The One That Got Away Comes Back to Haunt the Canadiens

As I wrote Monday, over the past decade or so, the Montreal Canadiens and New York Rangers — who are playing in the NHL’s Eastern Conference finals — transformed themselves from a down-on-their-luck former champions to legitimate Stanley Cup contenders; both did this largely through shrewd drafting. One of Montreal’s most successful draft picks put on a fine show in Game 2 on Monday night, notching a goal and an assist.Unfortunately for Montreal, that player was defenseman Ryan McDonagh, and he was wearing a Rangers uniform in the Rangers’ 3-1 win (New York leads the series 2-0).In response to my article, a few FiveThirtyEight readers astutely pointed out that McDonagh ties together the parallel rebuilding stories of the Rangers and Canadiens. He was drafted 12th overall by the Canadiens in 2007, the top prize in a banner haul for Montreal that also included Max Pacioretty and P.K. Subban. Pacioretty and Subban, along with 2005 first-rounder Carey Price, are currently three of the Canadiens’ best players (according to the modified version of point shares I described Monday).In his four-year NHL career, McDonagh has produced 28.1 modified point shares, a number in line with Subban (34.6) and Pacioretty (23.4) at similar points in their careers.The fact that he hasn’t produced any of that value for the Canadiens, though, traces back to a major blunder in the summer of 2009, when Montreal traded McDonagh (as part of a package of several players) to the Rangers for center Scott Gomez.Two years prior, New York had signed Gomez to a rather ill-advised seven-year, $51.5 million contract, and the returns had been disappointing; his 14 modified point shares in 2007-08 and 2008-09 (combined) ranked 60th among NHL forwards over that span. Rangers general manager Glen Sather was anxious to rid himself of Gomez’s albatross deal, so the media’s contemporary view of the Gomez-to-Montreal trade was essentially that of a salary dump, billing the Rangers’ primary return as nondescript forward Chris Higgins. Some NHL insiders knew better, however: Yahoo’s excellent hockey blogger Greg Wyshynski wondered at the time how the Rangers managed to unload the Gomez millstone and pick up a promising prospect like McDonagh.As a Canadien, Gomez played decent hockey for one season (6.2 modified point shares), then rapidly declined. He went on a notable goalless streak of 370 consecutive days. His contract was bought out by Montreal during the 2011-12 season, and he’s bounced around as a journeyman the past few seasons. Meanwhile, McDonagh has blossomed in New York; only six other defensemen have produced more modified point shares over the past three seasons. McDonagh even became the subject of Norris Trophy talk late this season. On top of his offensive numbers, McDonagh often finds himself matching up against the opponent’s toughest forwards and is on the ice for a disproportionate number of face-offs in the Rangers’ zone, both marks of a defensive workhorse on the blue line.Without McDonagh, it’s unlikely the Rangers would be sitting where they are, with a 2-0 series lead on the cusp of a Stanley Cup Final berth. The Canadiens have their own pair of good defensemen in Subban and Andrei Markov, but they have to regret letting McDonagh slip away — especially on nights like Monday, when he made them pay for their mistake in a direct way. read more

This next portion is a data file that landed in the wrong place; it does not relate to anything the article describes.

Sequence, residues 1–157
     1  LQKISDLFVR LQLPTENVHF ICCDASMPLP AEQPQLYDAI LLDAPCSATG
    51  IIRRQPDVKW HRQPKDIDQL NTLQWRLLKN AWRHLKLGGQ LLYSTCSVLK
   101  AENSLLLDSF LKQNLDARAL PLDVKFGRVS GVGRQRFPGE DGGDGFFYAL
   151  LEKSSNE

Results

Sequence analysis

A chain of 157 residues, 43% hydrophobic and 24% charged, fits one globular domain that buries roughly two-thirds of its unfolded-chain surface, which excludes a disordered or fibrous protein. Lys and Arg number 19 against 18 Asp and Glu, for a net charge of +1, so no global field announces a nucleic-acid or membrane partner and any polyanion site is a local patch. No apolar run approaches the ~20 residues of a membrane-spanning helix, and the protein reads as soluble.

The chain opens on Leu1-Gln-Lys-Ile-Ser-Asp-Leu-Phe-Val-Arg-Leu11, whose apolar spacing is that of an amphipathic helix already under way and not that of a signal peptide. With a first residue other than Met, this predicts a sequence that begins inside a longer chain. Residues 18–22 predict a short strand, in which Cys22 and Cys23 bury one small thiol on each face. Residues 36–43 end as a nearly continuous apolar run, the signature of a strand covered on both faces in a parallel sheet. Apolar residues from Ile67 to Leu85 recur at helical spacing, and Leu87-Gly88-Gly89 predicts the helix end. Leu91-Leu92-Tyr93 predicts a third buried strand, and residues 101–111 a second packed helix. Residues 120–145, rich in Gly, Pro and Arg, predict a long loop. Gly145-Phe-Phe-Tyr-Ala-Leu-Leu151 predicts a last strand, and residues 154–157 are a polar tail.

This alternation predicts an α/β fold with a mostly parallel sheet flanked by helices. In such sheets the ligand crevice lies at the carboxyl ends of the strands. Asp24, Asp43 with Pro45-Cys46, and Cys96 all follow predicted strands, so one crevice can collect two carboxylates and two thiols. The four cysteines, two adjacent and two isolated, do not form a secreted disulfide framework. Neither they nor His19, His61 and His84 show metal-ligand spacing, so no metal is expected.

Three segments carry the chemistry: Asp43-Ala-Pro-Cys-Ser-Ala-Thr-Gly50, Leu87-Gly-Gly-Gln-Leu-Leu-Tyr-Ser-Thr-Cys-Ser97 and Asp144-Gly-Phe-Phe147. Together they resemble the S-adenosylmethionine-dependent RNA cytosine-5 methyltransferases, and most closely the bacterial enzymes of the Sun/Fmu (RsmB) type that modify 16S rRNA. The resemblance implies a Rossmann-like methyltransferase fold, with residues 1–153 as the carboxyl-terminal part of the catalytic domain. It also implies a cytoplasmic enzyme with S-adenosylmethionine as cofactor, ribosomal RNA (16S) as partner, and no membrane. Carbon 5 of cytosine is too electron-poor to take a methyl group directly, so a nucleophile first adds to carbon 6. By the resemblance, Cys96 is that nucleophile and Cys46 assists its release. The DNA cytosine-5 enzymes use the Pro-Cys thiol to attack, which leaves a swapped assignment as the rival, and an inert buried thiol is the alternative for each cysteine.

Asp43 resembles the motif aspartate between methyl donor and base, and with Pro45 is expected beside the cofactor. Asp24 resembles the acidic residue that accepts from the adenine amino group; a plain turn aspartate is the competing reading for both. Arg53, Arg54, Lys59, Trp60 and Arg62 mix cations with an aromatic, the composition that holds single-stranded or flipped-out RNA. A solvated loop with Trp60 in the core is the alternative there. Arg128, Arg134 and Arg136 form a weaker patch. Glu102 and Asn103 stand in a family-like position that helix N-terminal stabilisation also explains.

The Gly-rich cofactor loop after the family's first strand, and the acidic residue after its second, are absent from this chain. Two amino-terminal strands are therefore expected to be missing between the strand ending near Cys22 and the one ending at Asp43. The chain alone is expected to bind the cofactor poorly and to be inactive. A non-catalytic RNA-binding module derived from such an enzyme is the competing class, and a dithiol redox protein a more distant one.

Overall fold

The Football Hall Of Fame Has A Receiver Problem